We Are Now on the Edge of a Global Currency Apocalypse
The comments below are an edited and abridged synopsis of an article by Alasdair Macleod
While interest rates were in decline, the consequences of increasing state dominance appeared benign. So long as falling interest rates were driving financial asset values higher, the global investment community turned a blind eye to the inevitable consequences of Keynesian macroeconomics. Investors were content to buy government debt in the knowledge that values were underwritten by monetary policy.
Now that the inflationary consequences are here in the form of consumer and producer prices rising out of control, the spell of zero/negative interest rates has been shattered, and investors face growing losses and a widespread loss of confidence in the future.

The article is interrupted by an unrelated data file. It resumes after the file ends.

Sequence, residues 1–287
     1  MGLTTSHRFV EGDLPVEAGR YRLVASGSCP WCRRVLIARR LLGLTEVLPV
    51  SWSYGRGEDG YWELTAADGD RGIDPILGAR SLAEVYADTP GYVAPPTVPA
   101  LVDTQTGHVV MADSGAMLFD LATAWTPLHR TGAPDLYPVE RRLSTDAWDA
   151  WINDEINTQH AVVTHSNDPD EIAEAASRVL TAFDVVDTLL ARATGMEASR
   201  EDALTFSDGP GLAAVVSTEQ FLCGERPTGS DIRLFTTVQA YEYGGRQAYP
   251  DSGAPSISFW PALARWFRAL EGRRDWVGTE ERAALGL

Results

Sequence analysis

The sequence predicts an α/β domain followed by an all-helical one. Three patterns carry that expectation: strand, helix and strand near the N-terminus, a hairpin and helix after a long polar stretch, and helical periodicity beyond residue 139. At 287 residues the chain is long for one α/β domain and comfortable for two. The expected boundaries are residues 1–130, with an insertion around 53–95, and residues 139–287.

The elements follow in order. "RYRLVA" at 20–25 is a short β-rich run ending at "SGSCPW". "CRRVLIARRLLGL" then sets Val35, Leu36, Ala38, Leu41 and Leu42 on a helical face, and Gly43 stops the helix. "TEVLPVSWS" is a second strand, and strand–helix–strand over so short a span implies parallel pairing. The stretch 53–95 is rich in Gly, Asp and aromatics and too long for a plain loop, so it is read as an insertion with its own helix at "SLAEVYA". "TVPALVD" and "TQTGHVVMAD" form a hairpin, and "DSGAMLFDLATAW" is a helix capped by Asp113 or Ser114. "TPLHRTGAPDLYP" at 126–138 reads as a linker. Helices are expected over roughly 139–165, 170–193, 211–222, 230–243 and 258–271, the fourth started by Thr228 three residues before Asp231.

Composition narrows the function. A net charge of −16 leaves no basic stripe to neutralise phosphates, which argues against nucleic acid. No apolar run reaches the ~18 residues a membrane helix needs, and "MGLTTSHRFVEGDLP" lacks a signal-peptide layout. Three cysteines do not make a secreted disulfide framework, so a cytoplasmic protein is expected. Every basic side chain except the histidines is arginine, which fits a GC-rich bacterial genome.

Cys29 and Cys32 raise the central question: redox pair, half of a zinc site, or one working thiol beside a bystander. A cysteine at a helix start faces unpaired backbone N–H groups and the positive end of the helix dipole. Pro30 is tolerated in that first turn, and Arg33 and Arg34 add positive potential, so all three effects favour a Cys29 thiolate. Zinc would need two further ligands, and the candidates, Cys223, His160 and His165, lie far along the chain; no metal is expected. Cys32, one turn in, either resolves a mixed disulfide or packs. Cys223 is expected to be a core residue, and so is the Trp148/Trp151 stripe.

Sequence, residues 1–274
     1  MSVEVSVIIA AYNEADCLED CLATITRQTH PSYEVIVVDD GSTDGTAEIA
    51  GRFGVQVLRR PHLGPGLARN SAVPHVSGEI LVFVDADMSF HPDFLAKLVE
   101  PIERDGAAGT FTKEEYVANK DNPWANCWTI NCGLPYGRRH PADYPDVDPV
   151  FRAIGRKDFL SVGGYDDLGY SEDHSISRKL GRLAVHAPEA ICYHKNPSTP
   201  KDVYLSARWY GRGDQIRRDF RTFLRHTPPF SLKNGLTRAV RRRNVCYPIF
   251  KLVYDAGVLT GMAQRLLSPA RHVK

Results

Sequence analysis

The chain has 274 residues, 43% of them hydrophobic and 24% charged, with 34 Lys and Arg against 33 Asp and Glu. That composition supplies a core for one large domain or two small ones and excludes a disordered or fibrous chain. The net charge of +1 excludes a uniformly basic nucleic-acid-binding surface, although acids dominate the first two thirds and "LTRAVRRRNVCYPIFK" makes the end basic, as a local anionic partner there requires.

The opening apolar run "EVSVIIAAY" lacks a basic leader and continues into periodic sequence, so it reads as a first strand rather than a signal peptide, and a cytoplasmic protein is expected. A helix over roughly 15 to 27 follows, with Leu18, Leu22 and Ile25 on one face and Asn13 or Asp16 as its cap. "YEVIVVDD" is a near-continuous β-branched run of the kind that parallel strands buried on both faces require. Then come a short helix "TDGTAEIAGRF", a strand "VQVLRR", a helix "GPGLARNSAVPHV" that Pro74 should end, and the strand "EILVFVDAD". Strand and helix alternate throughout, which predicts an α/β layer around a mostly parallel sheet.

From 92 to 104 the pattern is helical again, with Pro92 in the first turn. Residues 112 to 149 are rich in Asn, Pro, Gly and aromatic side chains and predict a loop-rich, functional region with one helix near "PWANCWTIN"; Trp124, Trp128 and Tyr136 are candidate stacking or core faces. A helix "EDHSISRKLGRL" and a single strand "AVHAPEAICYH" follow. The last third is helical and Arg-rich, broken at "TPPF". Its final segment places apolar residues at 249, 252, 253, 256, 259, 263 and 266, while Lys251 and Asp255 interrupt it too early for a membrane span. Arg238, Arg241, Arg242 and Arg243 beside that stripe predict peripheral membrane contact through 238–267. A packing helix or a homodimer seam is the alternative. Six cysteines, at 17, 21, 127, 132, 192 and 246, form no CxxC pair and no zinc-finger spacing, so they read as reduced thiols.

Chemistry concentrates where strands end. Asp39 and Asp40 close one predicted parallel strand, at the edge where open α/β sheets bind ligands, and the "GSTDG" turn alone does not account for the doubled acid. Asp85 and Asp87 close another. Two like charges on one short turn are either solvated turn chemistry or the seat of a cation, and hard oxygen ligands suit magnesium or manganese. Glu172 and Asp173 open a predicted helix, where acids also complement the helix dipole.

Banks have entered a phase of rising interest rates and falling asset values with overleveraged balance sheets. They have to protect their shareholders from these changed circumstances, and have started to do so by reducing their exposure to financial assets, notably bonds and collateralized loan obligations. They have also reduced their exposure to margin accounts used by speculators to leverage gains.
Activity in the $600-trillion mountain of OTC derivatives is being curtailed. Troubled banks are axing trading desks and looking at selling structured products units. The withdrawal of OTC paper supply will have profound effects on markets and commodities. Market participants will have to find other strategies for hedging risk. The removal of paper supply of energy and commodities will divert demand into physical stocks, driving prices higher. Failure to meet margin calls will become a serious problem.
Macleod discusses Main Street bankers being reluctant to extend loan and overdraft facilities; contracting GDP; rapidly contracting bank credit; the US dollar’s illusory strength; and what happens after the currency collapse.